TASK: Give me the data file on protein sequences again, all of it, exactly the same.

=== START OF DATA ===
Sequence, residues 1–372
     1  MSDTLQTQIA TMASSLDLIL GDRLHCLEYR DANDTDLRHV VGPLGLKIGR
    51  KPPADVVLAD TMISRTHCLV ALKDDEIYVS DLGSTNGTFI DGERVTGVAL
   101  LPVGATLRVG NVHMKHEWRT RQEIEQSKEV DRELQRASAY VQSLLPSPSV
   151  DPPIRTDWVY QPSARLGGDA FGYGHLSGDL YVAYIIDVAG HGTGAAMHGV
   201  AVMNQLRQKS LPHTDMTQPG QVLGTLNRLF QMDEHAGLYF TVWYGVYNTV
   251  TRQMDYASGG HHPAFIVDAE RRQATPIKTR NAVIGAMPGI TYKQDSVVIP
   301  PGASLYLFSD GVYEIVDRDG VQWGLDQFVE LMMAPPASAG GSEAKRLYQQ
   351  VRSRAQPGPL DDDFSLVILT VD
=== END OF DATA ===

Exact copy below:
Sequence, residues 1–372
     1  MSDTLQTQIA TMASSLDLIL GDRLHCLEYR DANDTDLRHV VGPLGLKIGR
    51  KPPADVVLAD TMISRTHCLV ALKDDEIYVS DLGSTNGTFI DGERVTGVAL
   101  LPVGATLRVG NVHMKHEWRT RQEIEQSKEV DRELQRASAY VQSLLPSPSV
   151  DPPIRTDWVY QPSARLGGDA FGYGHLSGDL YVAYIIDVAG HGTGAAMHGV
   201  AVMNQLRQKS LPHTDMTQPG QVLGTLNRLF QMDEHAGLYF TVWYGVYNTV
   251  TRQMDYASGG HHPAFIVDAE RRQATPIKTR NAVIGAMPGI TYKQDSVVIP
   301  PGASLYLFSD GVYEIVDRDG VQWGLDQFVE LMMAPPASAG GSEAKRLYQQ
   351  VRSRAQPGPL DDDFSLVILT VD